Art of Woman

Australia Day

Australia is a fantastic place to live in. There are many opportunities here. We have a stable government, even if they argue a lot, and we have good infrastructure and good health and education systems.

Today Australia celebrated its national day. There were a lot of public festivities and private barbecues simply appreciating Australia with joy and gratitude. It is a good thing to celebrate Australians who have contributed greatly to society with the Australia Day honours awards.

In all the Australia Day celebrations that I saw, live and shown on TV, there was a lot of discussion about what it means to be an Australian person, but I saw no mention of what it means to be an Australian animal or plant. Yet our unique wildlife and bush is a significant part of our Australian identity.

What would the Australian identity be without the Koala? Yet recently the Koala has suffered such severe declines in population, it was placed on the threatened species list.

Australia is a megadiverse country. Our geographic isolation has created a suite of literally thousands of species that are endemic to Australia, that is, they are found in no other country in the world. Unfortunately, many of these species are suffering from the impacts of feral species (that is, species from other countries that have gone wild in our bushland and desert). Many feral species disrupt our fragile ecosystems. They reduce forage, occupy scarce nest sites and eat our native wildlife.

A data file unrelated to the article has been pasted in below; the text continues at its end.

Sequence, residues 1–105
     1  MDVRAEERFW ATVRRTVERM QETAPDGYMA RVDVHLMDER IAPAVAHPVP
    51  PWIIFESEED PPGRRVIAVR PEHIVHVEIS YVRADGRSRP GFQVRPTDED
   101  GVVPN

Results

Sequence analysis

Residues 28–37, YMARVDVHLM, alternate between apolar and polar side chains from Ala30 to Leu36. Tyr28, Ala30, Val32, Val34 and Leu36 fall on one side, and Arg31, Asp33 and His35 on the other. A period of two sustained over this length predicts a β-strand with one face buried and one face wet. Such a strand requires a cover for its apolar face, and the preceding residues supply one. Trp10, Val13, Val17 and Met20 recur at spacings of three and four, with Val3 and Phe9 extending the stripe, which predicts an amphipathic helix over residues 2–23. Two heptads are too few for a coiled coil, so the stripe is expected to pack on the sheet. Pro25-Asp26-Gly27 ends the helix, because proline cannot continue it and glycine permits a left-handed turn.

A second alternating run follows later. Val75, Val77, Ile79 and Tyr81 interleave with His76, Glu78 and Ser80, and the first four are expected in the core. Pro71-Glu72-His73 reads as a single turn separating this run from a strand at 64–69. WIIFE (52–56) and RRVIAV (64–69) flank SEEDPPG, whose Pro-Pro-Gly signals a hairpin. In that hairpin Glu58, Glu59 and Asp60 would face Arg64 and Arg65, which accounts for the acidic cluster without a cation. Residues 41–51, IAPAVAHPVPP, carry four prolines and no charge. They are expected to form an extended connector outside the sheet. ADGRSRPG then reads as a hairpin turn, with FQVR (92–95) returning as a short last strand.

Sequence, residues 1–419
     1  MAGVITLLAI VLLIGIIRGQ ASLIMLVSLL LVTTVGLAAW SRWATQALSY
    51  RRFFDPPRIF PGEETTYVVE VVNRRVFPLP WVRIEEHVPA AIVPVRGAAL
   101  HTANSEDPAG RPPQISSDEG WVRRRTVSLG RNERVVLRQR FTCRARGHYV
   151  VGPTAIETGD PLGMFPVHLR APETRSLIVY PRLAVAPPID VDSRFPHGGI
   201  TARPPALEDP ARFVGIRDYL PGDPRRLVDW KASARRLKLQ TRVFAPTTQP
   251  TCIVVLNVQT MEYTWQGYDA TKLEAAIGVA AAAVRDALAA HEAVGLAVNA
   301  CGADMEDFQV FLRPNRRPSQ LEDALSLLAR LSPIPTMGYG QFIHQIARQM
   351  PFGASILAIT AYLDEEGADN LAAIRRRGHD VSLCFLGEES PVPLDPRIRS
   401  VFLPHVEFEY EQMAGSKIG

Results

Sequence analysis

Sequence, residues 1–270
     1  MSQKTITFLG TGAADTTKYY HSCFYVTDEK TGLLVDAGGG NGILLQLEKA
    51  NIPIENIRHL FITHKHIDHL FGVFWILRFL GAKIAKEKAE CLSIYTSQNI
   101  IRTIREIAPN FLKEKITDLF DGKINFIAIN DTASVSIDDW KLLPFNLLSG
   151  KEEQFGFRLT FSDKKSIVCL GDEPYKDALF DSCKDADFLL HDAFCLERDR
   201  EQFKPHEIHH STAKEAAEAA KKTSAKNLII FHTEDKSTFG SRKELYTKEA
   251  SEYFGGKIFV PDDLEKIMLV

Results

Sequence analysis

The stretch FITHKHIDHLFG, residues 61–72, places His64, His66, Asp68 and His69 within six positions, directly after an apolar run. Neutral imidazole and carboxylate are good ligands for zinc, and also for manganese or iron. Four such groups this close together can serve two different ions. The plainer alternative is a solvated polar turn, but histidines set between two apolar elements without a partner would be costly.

The possibility that Australia could loose any of its unique species is totally unacceptable.

I enjoyed the Australia Day Live celebrations outside parliament house, see photo below. When I look at this child I see Australia’s future. I hope that Australia will still have its unique wildlife by the time he has children of his own. Will his children be able to see any living Bridle Nail-tailed Wallabies, Numbats, Barred Bandicoots, Bettongs and Bilbies? These native Australians are extremely beautiful and are critically endangered. And most people do not even know they exist.

The Australian Wildlife Conservancy has increased the populations of Bridle Nail-tailed Wallabies, Numbats, Barred Bandicoots, Bettongs and Bilbies and many other animals. They measure their success using science based evidence such as population studies and fire control experiments. I fully support the Australian Wildlife conservancy and ask that you support them too.

Be a caring Aussie and help maintain our endemic wildlife. You can donate here.

To see the animals mentioned in this article, see their summer magazine, “Wildlife Matters”.

Australia Day baby 2013